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Movie Review: "King Kong"

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As a member of the Directors Guild of America I sometimes get a chance to screen movies before their general release. Such was the occasion Sunday night, so I took my favorite 10-year-old (who had been DYING to see this movie) to see the latest remake of the 1933 classic "King Kong".

It's three hours and seven minutes long -- but don't let that scare you away, because this film is filled with wonders. And they're not all about the special effects, either, although those are terrific; perhaps the best I've ever seen.

In fact, at a certain point you'll sit there and say to yourself, "Enough CGI monsters for a while", because after all, this movie is above all a love story.

That's right, a love story, of the oddest kind, between the eponymous ape and the latest "Damsel in Distress", Ann Darrow, played wonderfully by Naomi Watts. If you saw Watts in Mulholland Dr., this is a very different role for her -- and she plays it to the hilt, at one point taking the vaudeville abilities we see her performing in the 1933 New York at the beginning of the film, and using them to -- well, to paraphrase Shakespeare, charm the savage beast.

The story takes a long time to be exposited, as we see a good long time of setup in New York -- which is just as much a CGI triumph as the monsters; Peter Jackson has created an entire world that both looks real and fairy-tale.

We are introduced to two-bit movie producer Carl Denham, played sort of incongrously by Jack Black -- I mean, seriously. You saw him in "School of Rock" and "Shallow Hal", right? It's a stretch of a role. He's not bad in it, but I wonder if someone else (Tom Hanks? His son Colin is in the film) would have done it more justice.

Anyway, Denham's film crew, one step ahead of the law, arranges the dangerous sea voyage to Skull Island, where we meet any sort of weird human beings, and monsters who range from dinosaurs (there's a stampede scene which is absolutely fabulous), to bugs, to bats, to sucking things that I can't even begin to describe...

... and Kong. If you have seen either of the previous two films, you know that Kong helps rescue Ann from other monsters, and while the men on the crew are escaping them, they try to kill or capture Kong, not knowing that they have charmed each other.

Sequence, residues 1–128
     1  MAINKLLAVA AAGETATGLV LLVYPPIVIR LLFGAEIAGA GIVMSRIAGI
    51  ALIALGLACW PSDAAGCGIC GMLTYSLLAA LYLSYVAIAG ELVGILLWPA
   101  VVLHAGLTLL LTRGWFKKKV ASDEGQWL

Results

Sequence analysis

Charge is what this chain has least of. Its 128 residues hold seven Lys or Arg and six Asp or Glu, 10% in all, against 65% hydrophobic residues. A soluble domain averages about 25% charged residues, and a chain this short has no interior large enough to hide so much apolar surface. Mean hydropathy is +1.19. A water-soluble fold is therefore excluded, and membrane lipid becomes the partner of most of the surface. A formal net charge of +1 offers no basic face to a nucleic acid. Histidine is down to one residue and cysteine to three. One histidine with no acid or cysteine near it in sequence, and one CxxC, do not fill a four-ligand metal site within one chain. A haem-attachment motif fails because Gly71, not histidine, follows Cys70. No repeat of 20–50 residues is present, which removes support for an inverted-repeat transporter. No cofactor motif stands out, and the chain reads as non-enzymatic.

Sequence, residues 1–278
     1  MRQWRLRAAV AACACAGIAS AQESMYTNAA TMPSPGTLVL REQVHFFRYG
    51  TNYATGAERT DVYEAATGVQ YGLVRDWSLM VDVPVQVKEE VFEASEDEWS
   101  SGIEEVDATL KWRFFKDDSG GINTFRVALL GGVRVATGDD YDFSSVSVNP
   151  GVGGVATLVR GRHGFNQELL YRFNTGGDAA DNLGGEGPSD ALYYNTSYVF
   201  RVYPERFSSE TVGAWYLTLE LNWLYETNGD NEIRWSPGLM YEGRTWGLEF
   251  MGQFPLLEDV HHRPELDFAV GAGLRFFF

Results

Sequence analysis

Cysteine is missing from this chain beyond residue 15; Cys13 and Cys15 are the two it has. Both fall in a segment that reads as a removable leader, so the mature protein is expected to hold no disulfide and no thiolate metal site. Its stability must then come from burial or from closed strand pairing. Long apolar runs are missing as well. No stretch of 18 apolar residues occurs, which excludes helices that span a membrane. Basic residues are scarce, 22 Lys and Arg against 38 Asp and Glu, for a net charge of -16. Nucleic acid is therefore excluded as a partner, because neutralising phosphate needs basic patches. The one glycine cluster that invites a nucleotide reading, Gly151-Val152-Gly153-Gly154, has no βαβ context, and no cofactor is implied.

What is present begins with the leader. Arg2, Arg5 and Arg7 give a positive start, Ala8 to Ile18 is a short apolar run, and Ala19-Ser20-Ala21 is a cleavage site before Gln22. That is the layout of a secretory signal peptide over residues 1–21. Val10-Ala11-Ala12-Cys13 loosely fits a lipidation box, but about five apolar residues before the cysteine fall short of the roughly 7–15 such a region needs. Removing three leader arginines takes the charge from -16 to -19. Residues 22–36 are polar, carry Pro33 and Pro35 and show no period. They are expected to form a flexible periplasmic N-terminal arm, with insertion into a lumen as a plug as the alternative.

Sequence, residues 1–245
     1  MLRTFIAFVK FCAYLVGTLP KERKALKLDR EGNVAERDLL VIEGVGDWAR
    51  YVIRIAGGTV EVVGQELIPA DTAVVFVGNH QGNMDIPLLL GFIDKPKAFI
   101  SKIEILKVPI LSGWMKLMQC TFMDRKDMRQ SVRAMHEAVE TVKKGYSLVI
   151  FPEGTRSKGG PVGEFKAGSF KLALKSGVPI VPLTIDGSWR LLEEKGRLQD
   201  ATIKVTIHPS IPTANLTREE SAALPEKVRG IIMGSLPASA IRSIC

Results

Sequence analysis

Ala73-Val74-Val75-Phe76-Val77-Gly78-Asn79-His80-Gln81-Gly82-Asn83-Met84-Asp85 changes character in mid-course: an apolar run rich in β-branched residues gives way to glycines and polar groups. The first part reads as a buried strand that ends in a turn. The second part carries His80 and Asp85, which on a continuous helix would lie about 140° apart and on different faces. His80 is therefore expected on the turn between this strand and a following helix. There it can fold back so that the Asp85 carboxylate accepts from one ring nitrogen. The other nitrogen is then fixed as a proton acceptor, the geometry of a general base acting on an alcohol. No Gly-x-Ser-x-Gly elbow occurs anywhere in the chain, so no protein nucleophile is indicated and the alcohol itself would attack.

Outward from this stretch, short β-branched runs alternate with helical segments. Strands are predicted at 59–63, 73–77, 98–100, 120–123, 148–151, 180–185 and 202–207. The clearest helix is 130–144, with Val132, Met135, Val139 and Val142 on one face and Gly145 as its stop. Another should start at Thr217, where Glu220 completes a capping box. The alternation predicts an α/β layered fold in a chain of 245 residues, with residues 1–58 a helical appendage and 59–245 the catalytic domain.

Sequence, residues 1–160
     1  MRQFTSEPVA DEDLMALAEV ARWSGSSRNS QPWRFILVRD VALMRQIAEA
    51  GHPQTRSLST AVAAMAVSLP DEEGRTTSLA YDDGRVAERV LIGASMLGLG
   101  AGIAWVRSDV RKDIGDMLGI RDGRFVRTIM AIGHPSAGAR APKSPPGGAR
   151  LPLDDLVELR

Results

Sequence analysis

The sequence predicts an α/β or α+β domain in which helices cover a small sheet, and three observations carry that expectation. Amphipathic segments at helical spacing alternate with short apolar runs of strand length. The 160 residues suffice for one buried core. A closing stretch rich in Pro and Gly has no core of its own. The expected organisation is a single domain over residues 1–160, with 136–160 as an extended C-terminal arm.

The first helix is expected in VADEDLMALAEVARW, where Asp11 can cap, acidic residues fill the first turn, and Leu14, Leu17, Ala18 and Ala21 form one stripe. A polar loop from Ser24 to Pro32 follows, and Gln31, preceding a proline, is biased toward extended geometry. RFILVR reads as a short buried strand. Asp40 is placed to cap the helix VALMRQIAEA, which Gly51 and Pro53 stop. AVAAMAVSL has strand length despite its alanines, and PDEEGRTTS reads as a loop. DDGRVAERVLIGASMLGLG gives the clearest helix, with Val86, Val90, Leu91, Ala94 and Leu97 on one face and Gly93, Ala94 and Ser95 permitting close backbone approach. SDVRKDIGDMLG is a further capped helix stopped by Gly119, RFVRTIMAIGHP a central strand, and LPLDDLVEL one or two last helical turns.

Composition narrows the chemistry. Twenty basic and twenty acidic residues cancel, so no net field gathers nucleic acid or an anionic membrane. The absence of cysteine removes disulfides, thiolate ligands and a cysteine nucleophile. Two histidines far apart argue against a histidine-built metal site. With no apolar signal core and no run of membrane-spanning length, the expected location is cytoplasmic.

That sets up the return to New York, and the exhibiting of Kong as a theatrical stunt, upon which he escapes and begins smashing Manhattan to bits. It's left to Ann to try to save him and he to save her, and there's a scene the two play on a frozen pond in Central Park that struck me as one of the tenderest scenes I've ever seen in a movie.

The CGI is fantastic -- you've probably read about how actor Andy Serkis, who also plays a live-action role in the film as a member of the ship's crew, was hooked up with sensors, and his motions translated into Kong's -- much as Tom Hanks' were in last year's "The Polar Express", only here, not with cartoon animation, but with animation so realisting you swear you're watching reality. It's that good.

So is the movie -- the story meanders round and round, but you'll not have trouble following it. Ann's human love interest, played in a sweet way by Oscar winner Adrien Brody, is done well, and there are sneaky little homages to the 1933 film that you'll enjoy even if you just know it a little bit.

About taking a 10-year-old -- there are scenes of fairly intense action involving the monsters, and some cartoonish violence, but as long as the 10-year-old involved gets this (mine does), he or she will enjoy the movie, as long as he or she can sit still for three hours!

One nitpick -- the climactic scenes are set in a wintry New York, covered with snow and ice. Yet Ann Darrow spends an evening (and a spectacular sunrise scene) outdoors in nothing more than that white sleeveless dress that Fay Wray (who died, incidentally, only a little over a year ago, at 97 years of age) made famous -- without any outward signs of being cold.

Maybe Kong kept her warm.

Anyway, that is, as I said, a nitpick. Peter Jackson and his crew are going to get tons of Oscar nominations and win several for this masterpiece. Many classic films, particularly films as famous as the original "King Kong", either don't need to be remade or the remake (such as the 1976 remake) doesn't do it justice.

This time, they've done it right. A triumph. Don't miss it.

AYRating: * * * *